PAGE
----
What I fear is the logic of totality. Totality is a hard thing to explain. In many cases it is a concept that is used critically. For example, it is used to describe capitalism, a system which we are unable to see the outside of—it is a totality. These shifts in language build towards the idea of the web as a totalised space, where it is impossible to be on the outside, to break out or to consider alternative forms. Of course, that totalised space does not exist, the web is made up of many, very manual, components. Using the word ‘totality’ is problematic. With regard to capitalism, books have been written that explain why you can't allow yourself to define things as totalities when speaking critically, as you're basically denying yourself access anything outside of what you are critiquing.[6] But this is still something I am afraid of, particularly when thinking back to the people I am trying to work with who are users, and who don't necessarily have the time that I have to explore and to change operating systems and find other types of software. Many people who are presented with these seamless interfaces think that it is the only way you can interact with the web. It can seem that getting out of it is impossible, because it's difficult to say where to start. How would you know how to approach it?

Luckily, I am not the only one thinking about these issues. This research takes the form of a website where you can find texts that have informed the project and various aspects of the research. In his book Adversarial Design, Carl Disalvo describes the concept of ‘adversarial design’ as a way of thinking about the politics of design. He calls adversarial design "design that does the work of agonism".[7] This is a political theory that suggests it is interesting for politics to embrace dissensus. It hails from what political theorist Chantal Mouffe outlines as agonism within the existence of conflicts in certain political situations, and how it should be used to reflect on how we interact with each other, how we live together, and how the various politics of our societies are built.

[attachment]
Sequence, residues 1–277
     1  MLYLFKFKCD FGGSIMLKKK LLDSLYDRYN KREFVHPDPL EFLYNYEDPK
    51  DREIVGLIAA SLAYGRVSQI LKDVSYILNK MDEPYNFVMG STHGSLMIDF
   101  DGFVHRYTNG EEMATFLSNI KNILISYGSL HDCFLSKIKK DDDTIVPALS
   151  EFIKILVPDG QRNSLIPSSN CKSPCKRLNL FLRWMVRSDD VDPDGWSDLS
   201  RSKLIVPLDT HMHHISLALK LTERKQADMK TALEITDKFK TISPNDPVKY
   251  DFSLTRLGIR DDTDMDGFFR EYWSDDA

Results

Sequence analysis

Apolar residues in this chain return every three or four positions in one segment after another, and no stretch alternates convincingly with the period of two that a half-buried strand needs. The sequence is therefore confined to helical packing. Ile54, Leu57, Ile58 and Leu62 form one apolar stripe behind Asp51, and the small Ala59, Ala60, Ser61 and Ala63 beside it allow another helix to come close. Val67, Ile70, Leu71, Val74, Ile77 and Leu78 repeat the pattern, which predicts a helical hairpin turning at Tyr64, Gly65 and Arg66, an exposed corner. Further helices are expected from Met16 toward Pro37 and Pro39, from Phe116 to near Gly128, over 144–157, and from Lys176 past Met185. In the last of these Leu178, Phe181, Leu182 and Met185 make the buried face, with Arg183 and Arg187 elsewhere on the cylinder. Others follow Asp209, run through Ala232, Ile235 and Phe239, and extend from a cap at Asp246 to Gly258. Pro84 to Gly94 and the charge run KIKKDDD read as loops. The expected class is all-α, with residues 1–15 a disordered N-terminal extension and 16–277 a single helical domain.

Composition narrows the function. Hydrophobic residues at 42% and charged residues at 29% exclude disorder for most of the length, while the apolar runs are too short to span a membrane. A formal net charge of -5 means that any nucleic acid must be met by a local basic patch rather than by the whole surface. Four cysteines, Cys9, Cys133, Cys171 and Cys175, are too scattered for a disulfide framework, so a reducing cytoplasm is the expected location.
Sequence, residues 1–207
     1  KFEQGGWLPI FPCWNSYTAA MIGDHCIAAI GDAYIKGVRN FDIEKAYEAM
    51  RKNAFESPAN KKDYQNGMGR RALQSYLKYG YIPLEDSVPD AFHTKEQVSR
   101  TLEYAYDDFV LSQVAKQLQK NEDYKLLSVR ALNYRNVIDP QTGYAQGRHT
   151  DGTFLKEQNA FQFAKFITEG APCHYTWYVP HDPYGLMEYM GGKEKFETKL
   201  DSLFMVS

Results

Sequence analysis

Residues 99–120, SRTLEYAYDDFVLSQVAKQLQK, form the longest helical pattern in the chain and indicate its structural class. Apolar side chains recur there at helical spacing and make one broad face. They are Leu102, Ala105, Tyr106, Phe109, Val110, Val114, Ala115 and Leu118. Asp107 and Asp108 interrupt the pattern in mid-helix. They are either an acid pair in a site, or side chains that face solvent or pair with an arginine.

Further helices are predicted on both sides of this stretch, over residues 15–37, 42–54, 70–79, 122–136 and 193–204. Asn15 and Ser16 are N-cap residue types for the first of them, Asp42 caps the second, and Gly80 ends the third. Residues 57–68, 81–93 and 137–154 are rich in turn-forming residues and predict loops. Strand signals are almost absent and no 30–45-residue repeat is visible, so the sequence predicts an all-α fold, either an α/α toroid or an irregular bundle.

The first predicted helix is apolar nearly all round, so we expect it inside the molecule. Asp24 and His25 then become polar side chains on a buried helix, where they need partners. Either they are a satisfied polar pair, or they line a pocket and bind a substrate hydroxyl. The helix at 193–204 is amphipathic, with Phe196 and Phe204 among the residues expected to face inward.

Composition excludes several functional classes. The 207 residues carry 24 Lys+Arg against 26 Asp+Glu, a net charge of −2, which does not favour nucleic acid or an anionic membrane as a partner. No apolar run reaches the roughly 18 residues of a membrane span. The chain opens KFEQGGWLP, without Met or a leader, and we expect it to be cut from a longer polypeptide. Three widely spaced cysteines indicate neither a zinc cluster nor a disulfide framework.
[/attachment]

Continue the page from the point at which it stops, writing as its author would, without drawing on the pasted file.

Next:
Artist and researcher Silvio Lorusso has a project that I find very interesting, through which he he introduces the concept of ‘nannyware’. Some examples of this in action are when you put your phone to maximum volume, and it says on the screen "you should be careful and not pass this limit to not damage your ear", or when using the nintendo Wii it asks "shouldn't you take a break and go outside?". There's also a browser extension called Stay Focused that tries to get you to concentrate, acknowledging how distracting the web can be. The extension lets you become distracted and observes the kind of activities you undertake on your laptop, and what software or sites you are using. Then this sentence appears: "shouldn't you be working?". Silvio Lorusso took this specific message and printed it, then distributed it as widely as possible.[8]